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When I was young and even more foolish than today (some might say), and complained about old people, my mother would admonish me that I myself would be old someday. That seemed light-years away and highly improbable, as even fifty seemed an unattainable age in those halcyon days of youth, but alas, Mum was right as usual.

I find it hard to believe that my children are all aged over fifty.

The years have rolled by, but disrespect for those of us advanced in years has increased, if anything. I am offended continually by those television ads featuring a grey-haired grandmotherly type and her spouse who is not the full quid, generally sporting a white moustache. They are portrayed as not understanding the most basic concepts of insurance or retirement and have to have it spelled out in the commercial by some patronising young voice.


Of course, the disrespect for the old is not confined to the media but is all pervasive. What old person (I refuse to say senior citizen, as that to me is the ultimate in governmental patronising) has not been harassed by a young attendant in a supermarket while using a self-service checkout. It is as if the attendant finds it incomprehensible that an oldie is capable of understanding and using a touch screen.



Then of course there are the so-called aged care facilities. They are by and large run by overseas companies whose main concern is to make a quid. The oldies are charged an arm and a leg, and are confined to a room with nothing to stare at but the ceiling, or if they are lucky, a television. For those who are unable to get out of bed in order to relieve themselves, they are often compelled to wait for assistance which doesn't come. 

There is in many cases little entertainment if any, and the food leaves much to be desired. Although I have no proof, I believe that in some facilities the oldies are sent to meet their Maker on the basis of a wink and a nod from a relative, usually from an overdose of morphine. There is no way that I will ever be an inmate.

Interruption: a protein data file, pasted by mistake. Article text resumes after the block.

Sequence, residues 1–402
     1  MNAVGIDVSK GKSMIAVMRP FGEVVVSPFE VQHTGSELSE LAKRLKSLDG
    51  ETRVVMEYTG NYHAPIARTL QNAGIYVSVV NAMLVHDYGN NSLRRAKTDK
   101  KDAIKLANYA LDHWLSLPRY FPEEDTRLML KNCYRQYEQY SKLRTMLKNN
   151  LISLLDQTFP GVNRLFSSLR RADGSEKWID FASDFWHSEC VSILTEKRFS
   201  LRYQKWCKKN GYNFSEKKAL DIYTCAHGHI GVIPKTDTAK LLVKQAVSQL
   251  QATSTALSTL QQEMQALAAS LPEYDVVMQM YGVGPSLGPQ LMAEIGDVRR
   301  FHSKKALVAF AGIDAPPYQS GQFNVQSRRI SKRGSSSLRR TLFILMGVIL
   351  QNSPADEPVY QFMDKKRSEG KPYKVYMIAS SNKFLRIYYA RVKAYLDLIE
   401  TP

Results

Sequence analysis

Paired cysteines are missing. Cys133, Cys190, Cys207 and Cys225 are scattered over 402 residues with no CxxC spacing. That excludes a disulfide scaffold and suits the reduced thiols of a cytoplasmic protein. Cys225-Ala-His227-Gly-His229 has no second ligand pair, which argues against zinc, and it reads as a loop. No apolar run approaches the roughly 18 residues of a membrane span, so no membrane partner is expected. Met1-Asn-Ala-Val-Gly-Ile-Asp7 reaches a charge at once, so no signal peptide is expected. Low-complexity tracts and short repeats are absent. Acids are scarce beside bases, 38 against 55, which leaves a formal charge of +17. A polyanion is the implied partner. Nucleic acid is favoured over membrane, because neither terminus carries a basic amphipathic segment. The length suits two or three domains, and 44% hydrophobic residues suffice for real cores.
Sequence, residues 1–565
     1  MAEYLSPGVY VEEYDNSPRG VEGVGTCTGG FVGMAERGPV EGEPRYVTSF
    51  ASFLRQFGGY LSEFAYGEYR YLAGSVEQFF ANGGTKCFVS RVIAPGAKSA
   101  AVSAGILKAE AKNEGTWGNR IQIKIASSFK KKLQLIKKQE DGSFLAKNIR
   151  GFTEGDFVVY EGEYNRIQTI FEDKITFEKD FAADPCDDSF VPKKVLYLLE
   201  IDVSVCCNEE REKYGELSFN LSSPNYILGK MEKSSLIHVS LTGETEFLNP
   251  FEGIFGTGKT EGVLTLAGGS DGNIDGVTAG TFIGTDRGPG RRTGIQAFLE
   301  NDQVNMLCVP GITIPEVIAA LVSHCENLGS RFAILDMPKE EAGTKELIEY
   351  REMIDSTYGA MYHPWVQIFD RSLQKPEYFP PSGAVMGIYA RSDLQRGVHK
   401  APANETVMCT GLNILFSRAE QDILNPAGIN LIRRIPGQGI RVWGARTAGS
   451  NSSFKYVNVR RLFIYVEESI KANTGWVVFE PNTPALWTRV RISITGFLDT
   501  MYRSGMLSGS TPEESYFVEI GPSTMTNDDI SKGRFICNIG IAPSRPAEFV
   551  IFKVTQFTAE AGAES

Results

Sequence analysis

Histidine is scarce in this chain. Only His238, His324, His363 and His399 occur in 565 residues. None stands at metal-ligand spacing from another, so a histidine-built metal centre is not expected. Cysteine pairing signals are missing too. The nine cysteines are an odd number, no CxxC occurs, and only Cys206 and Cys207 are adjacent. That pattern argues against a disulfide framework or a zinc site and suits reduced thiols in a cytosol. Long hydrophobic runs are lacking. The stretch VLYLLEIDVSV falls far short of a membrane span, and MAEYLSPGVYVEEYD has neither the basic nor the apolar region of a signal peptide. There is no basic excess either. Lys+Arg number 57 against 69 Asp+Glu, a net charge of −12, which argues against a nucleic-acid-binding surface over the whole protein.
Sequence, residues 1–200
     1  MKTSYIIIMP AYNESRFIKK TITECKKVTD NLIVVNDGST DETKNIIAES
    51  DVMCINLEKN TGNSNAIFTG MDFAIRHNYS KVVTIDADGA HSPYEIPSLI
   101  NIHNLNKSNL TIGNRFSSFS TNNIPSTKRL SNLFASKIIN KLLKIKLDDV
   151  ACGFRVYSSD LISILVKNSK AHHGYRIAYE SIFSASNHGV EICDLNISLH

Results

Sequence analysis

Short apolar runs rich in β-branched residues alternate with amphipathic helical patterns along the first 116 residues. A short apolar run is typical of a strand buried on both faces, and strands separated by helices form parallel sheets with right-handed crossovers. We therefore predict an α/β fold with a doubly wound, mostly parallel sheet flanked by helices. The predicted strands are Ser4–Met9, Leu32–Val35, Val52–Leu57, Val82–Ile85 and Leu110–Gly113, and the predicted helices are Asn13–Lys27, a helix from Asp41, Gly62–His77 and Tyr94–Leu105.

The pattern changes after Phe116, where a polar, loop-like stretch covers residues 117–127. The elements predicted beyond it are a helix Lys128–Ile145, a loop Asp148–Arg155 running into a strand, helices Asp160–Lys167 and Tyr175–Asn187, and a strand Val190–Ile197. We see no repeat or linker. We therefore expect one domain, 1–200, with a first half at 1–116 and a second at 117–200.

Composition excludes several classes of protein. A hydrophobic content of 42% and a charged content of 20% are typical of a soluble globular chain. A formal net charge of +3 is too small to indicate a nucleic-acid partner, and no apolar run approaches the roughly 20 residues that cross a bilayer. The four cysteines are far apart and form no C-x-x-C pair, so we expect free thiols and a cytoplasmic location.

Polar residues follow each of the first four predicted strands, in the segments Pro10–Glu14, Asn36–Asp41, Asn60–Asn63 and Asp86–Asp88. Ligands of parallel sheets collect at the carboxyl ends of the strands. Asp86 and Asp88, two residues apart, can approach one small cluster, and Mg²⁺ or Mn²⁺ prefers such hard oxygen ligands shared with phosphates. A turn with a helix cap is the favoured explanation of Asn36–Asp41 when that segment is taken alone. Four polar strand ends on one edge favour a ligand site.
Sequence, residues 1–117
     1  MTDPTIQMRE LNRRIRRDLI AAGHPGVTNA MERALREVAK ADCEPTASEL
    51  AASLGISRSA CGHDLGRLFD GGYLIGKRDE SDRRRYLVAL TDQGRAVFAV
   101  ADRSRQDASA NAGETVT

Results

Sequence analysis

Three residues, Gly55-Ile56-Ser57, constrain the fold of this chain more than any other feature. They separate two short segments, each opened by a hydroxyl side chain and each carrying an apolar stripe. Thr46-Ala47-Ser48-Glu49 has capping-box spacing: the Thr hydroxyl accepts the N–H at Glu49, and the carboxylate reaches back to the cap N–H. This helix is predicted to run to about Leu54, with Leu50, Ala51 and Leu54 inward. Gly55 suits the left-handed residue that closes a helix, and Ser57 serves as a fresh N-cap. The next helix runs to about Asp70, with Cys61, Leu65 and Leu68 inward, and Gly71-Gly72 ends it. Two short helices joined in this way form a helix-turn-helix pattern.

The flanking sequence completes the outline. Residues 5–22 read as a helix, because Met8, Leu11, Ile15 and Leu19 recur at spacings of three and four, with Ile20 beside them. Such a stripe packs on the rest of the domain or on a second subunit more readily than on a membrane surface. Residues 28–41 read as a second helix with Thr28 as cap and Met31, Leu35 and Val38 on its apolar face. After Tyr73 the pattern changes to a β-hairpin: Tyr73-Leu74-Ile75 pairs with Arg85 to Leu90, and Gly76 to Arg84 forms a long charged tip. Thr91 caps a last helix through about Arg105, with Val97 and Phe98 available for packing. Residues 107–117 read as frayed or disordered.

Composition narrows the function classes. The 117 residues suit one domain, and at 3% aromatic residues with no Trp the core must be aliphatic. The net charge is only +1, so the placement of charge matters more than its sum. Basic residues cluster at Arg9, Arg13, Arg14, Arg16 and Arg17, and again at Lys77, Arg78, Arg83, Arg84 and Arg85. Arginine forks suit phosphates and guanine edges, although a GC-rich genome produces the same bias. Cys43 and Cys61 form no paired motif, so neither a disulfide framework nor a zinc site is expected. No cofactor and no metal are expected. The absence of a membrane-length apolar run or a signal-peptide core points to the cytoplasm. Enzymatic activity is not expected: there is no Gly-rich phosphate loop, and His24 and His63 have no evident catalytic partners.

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Whenever I am asked whether I am a senior citizen, I respond that I am not and merely appear aged because of a grossly misspent youth. That generally quietens them down.


Not Flysa. Photo just to have a laugh. Sorry mate. 

Most recently, the idiots who introduced AstraZeneca without any trials, have now decreed that is suitable only for those over sixty. When older recipients die after vaccination, the line will be that they were going to die anyway, and the jab had nothing to do with it.


But all of that disrespect begs the question, what do the young know that we oldies don’t? Not much I would submit. The list of things that the young no longer know, but we do, is too long to set down in full, but a few examples are:

Long division and extracting square roots by hand (given that the young even know the meanings of the words);

The names of the early Australian explorers;

How to spell without the use of a spell checker;

The basic rules of grammar, including the meaning of a split infinitive;

The requirements of common courtesy, such as opening doors for women, and vacating seats in public transport to pregnant women, the disabled and the elderly;

A general history of the world;

The names of the various capital cities of the world;

Famous poems;

And so on.


All of that and more was drummed into us in school, but no longer, as even the teachers of today do not know the answers.

The thing that has most surprised me on becoming old, is that I do not feel old. It is only the body which has slowed down, and not the mind nor the spirit. Tennyson said it all in Ulysses, when demonstrating that even the most heroic,such as we on PR, must grow old:

Though much is taken, much abides; and though
We are not now that strength which in the old days
Moved earth and heaven; that which we are, we are,
One equal-temper of heroic hearts,
Made weak by time and fate, but strong in will
To strive, to seek, to find, and not to yield.


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